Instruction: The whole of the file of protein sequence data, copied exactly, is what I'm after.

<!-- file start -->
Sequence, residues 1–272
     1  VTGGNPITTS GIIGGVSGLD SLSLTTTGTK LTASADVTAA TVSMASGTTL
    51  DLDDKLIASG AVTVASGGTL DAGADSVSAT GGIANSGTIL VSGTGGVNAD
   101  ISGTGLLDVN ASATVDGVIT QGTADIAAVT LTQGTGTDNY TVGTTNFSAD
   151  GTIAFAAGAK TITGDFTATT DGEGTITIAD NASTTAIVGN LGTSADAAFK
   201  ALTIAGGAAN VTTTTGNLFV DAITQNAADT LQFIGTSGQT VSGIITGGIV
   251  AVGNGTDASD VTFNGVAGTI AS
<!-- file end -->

Sequence, residues 1–272
     1  VTGGNPITTS GIIGGVSGLD SLSLTTTGTK LTASADVTAA TVSMASGTTL
    51  DLDDKLIASG AVTVASGGTL DAGADSVSAT GGIANSGTIL VSGTGGVNAD
   101  ISGTGLLDVN ASATVDGVIT QGTADIAAVT LTQGTGTDNY TVGTTNFSAD
   151  GTIAFAAGAK TITGDFTATT DGEGTITIAD NASTTAIVGN LGTSADAAFK
   201  ALTIAGGAAN VTTTTGNLFV DAITQNAADT LQFIGTSGQT VSGIITGGIV
   251  AVGNGTDASD VTFNGVAGTI AS